How Do Local Telephony Gateways Work?

In an increasingly connected work, traditional phone services are finding themselves in the same boat as cable services. But some businesses require phone services in order to operate. In order for these businesses to take advantage of VoIP, local telephony gateways can be used. In this article, you'll learn how they work.

What Is a Local PBX?

A local PBX (private branch exchange) is an on-site telephone switching system. A PBX handles all phone operations for a facility. This includes:

  • Income phone calls
  • Outgoing phone calls
  • Hold music
  • IVR (interactive voice response)
  • Security
  • Internal routing of calls from workstation to workstation

Depending on the business and PBX system being used, it can do a lot more. There are many reasons why a company chooses to use an on-site PBX. One of the most common is security and privacy. The company has complete control over who accesses the PBX and any associated data. Data is hosted on-site, which is possible because the PBX is also on-site.

There are some drawbacks to an on-site PBX. The main one is cost. All equipment must be purchased or leased from the telephone company. The telephone company also must install and support the equipment. This involves signing a contract with the telephone company. They are also the only ones who can provide hardware in case of any failure.

Local PBX Extension Through Gateways

Before we get into gateways, let's briefly review what VoIP is. VoIP stands for voice over Internet Protocol (IP). A traditional telephone transmits voice data as analog signals. VoIP sends voice data as digital signals. This means your regular telephone can't send voice data over the Internet since IP only transmits in digital data packets. VoIP solves this problem by converting analog signals to digital and then back to analog if needed.

In some cases, a SIP phone is used for VoIP. SIP stands for Session Initiated Protocol. SIP wraps voice packets to ensure they reach their destination. A SIP phone is all digital, so no conversion from analog to digital needs to take place. In fact, a business with SIP phones doesn't even need a traditional telephone service. I can go straight to the Internet.

A gateway is a machine that sits between two systems. It manages the passing of data from one system to the other. It also handles security. For a local telephony gateway, it provides VoIP services. The technical term for this gateway is an IP Telephony Gateway. It's a device rather than a computer.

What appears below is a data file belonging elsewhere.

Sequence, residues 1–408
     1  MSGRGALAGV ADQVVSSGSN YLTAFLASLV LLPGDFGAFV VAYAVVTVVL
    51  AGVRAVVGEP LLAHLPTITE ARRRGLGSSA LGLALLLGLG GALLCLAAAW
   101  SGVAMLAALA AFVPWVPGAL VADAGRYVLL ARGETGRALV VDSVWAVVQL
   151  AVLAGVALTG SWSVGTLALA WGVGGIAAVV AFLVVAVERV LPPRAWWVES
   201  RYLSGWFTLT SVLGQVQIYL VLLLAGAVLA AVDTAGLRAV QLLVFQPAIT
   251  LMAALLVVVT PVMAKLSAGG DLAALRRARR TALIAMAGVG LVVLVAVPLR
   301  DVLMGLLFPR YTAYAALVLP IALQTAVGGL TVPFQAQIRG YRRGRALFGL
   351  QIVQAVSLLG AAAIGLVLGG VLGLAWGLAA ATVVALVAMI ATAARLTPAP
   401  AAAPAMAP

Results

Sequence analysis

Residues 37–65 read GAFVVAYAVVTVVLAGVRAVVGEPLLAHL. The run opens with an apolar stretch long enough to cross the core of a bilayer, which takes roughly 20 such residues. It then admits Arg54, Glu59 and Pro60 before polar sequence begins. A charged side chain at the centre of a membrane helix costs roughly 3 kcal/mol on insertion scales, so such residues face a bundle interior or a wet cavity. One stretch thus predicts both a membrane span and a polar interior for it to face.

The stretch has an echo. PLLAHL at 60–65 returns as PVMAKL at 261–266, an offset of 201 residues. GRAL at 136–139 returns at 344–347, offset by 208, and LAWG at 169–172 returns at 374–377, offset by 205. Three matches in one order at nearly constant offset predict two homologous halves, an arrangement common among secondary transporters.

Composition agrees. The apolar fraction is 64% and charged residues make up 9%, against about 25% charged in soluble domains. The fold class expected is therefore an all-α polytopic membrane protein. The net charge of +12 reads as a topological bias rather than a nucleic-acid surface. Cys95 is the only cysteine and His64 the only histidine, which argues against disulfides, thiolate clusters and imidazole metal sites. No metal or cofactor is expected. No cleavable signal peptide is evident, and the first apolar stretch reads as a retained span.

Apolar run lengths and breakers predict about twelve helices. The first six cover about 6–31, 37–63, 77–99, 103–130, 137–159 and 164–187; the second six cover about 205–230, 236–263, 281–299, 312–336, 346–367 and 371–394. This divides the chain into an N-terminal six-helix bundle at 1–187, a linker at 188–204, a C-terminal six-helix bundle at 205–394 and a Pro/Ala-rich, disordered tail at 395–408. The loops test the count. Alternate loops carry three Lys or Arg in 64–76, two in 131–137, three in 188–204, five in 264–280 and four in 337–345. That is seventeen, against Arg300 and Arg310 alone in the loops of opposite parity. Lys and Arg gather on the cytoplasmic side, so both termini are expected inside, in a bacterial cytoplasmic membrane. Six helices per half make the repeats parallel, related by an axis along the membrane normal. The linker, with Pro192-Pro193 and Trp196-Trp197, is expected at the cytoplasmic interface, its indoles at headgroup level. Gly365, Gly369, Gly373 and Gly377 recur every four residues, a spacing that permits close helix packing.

The gateway extends a local (i.e., on-site) PBX so VoIP can be used. The device has several ports including:

  • FXO: This stands for foreign exchange office. It's a port that connects to your telephone service or public switched telephone network (PSTN). The "office" part means the telephone company office. Think of it as external, since that is where the telephone company is located.
  • FXS: This stands for foreign exchange subscriber. It provides ports to connect with workstations or employees. This is how employees connect with VoIP.
  • Power: Power supply port that connects to a power source. The gateway needs constant power to operate, which means it will need to be on a battery backup.
  • Ethernet: Connection to the network router. An Internet connection is required for VoIP. That is how voice data packets make it from a workstation onto the Internet.

Some gateways provide WiFi VoIP allowing workstations to connect to the gateway wirelessly. Gateways also ensure that voice data is of high quality. Higher than what you will find in VoIP adapters. Gateways are able to accomplish this through QoS or Quality of Service. QoS provides voice data with a clear line to the Internet. This is in contrast to standard routers, which make all data compete for space. That's why VoIP often doesn't sound good on a home network.

Unified Communications Services

Are local telephony gateways necessary with unified communications services (UC)? UC services provide all the backend hardware needed for a call center. An on-premise PBX isn't needed. But again, this case back to the specific business. A business may have a reason for keeping traditional phone services. If that's the case, a gateway can still benefit the business. The gateway will perform the same function as mentioned earlier.

Local telephony gateways allow businesses with an on-premise PBX to utilize VoIP. The gateway provides VoIP access to all workstations, handles security, and ensures voice quality is of the highest quality. Gateways are also business-grade devices. From small businesses to enterprises, gateways can handle all of their VoIP needs.

Businesses rely on their technology to empower them to be as productive as possible. With 8x8's world-class technology you get everything your business needs in one place. Call 1-866-879-8647 or fill out an online form to request a no-obligation quote from an 8x8 product specialist.

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